Until I hear that, then I don't know how in good conscience the committee can recommend something that we have been told is good, have been offered a slightly watered-down version, so why not go for the one that's the best offer? “We can always improve”, I think the Prime Minister said. Well, here's an opportunity. Let's take him at his word.

4 p.m.

Conservative

The Chair Conservative Bob Zimmer

Mr. Kent.

4 p.m.

Conservative

Peter Kent Conservative Thornhill, ON

Very briefly, if this was the only advice or recommendation of the committee, or the commissioner, that's been ignored by the government, we'd be in quite a different place.

4 p.m.

NDP

Nathan Cullen NDP Skeena—Bulkley Valley, BC

There's a pattern we're concerned with.

4 p.m.

Conservative

The Chair Conservative Bob Zimmer

If there's no further debate, I'll call the vote.

4 p.m.

NDP

Nathan Cullen NDP Skeena—Bulkley Valley, BC

I'd like a recorded vote, please.

(Amendment negatived: nays 6; yeas 3 [See Minutes of Proceedings])

4 p.m.

Conservative

The Chair Conservative Bob Zimmer

Amendments NDP-27 and PV-12 are defeated.

We're on amendment NDP-28. This vote will also apply to consequential amendment NDP-31.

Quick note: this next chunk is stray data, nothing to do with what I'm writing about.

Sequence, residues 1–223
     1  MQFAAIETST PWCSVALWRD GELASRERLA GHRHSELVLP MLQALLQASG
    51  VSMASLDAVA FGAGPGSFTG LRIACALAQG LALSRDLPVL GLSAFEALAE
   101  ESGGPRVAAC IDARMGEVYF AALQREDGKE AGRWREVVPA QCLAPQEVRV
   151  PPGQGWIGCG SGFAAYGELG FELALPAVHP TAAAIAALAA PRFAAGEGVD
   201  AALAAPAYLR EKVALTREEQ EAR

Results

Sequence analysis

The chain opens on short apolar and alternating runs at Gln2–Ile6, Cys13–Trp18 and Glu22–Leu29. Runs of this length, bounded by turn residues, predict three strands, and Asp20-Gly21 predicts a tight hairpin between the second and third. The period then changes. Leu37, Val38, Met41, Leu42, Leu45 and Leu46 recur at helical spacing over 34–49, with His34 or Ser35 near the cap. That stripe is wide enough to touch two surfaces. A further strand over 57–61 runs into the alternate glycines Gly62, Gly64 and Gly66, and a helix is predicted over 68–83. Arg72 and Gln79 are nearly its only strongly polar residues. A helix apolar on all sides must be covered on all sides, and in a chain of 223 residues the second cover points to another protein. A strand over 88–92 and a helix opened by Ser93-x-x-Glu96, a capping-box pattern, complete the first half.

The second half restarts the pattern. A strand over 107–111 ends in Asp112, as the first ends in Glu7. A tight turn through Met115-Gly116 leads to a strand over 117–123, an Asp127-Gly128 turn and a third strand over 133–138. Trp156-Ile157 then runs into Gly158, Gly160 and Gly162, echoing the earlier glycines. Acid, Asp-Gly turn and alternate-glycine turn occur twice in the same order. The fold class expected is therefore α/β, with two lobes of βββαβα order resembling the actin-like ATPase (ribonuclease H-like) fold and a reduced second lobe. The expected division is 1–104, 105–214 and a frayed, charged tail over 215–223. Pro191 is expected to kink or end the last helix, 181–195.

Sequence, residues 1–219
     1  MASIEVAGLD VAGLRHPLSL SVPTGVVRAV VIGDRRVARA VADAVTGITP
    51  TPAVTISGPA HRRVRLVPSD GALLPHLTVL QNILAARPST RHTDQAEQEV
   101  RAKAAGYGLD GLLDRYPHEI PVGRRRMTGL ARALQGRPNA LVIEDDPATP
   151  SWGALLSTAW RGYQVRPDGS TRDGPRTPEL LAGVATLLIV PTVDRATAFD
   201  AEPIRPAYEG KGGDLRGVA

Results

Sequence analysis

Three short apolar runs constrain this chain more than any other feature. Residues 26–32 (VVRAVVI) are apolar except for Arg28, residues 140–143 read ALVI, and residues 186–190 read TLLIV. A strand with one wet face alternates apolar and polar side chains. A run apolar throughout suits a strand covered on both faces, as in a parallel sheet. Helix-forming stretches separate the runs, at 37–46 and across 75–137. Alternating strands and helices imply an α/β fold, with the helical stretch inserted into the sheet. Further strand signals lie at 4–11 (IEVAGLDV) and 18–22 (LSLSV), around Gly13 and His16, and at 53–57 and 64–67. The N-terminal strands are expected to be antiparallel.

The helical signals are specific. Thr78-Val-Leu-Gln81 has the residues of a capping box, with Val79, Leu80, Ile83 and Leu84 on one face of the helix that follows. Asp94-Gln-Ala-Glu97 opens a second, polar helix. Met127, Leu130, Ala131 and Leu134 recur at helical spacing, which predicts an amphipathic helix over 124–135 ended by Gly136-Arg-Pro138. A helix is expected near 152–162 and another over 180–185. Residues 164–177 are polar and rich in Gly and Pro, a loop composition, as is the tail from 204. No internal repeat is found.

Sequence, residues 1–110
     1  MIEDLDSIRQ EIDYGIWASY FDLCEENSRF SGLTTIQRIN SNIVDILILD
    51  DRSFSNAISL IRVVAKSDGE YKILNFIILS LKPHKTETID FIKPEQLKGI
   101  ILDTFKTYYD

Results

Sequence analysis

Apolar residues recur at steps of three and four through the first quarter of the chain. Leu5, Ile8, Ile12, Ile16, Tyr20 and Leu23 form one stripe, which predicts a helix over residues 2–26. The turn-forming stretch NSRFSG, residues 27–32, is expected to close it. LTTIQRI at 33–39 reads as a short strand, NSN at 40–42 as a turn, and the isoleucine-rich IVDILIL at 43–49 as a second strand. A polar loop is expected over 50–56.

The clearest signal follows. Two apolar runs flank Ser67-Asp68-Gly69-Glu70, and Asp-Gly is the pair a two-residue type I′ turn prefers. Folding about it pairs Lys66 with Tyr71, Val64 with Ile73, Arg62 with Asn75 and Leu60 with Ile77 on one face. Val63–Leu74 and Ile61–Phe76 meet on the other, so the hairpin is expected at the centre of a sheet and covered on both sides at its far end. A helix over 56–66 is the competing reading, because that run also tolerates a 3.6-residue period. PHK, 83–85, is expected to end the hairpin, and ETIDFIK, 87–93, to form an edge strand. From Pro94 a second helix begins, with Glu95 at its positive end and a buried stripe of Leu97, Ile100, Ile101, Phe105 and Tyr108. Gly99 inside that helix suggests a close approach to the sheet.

Mr. Cullen.

4 p.m.

NDP

Nathan Cullen NDP Skeena—Bulkley Valley, BC

As I said previously, Chair, the three amendments, NDP-27, NDP-28, and NDP-29, hang together. You can sense my consternation.

It's not my first rodeo either. With no offence to the members of the previous government, this is Groundhog Day all over again, where the committee goes through the process of inviting witnesses; we hear their testimony; we make recommendations based on their testimony, and in lockstep, the government just votes them all down one by one.

4:05 p.m.

Liberal

Nathaniel Erskine-Smith Liberal Beaches—East York, ON

It's not always in lockstep.

4:05 p.m.

NDP

Nathan Cullen NDP Skeena—Bulkley Valley, BC

It's not entirely. It's with the occasional caveats, if I can put it that way.

I guess at this point I would say to my colleagues, with the caveat that was just mentioned, that some rationale as to why the government members are voting against these things would be really helpful for my understanding of where the government is actually headed on access to information, because this was a central part of the conversation leading to their election. If they're going to vote against these things, as the government does in lockstep nearly all the time, perhaps they could explain why. Perhaps they could indulge me and indulge Canadians who are wondering what happened to their promise and principles.

We can go through the process on both, Chair, but the notion of these things, again, is based on the Information Commissioner's testimony. It's based on the ethics committee's report.

I'll not apologize to my Liberal colleagues if this seems repetitious, but if we're not going to base our recommendations on evidence, then what are we basing them on? Instructions from the PMO don't count. What we should be basing our efforts on here is what we heard at the table; otherwise this entire thing was a bad-faith process and a sham with some other intention in place.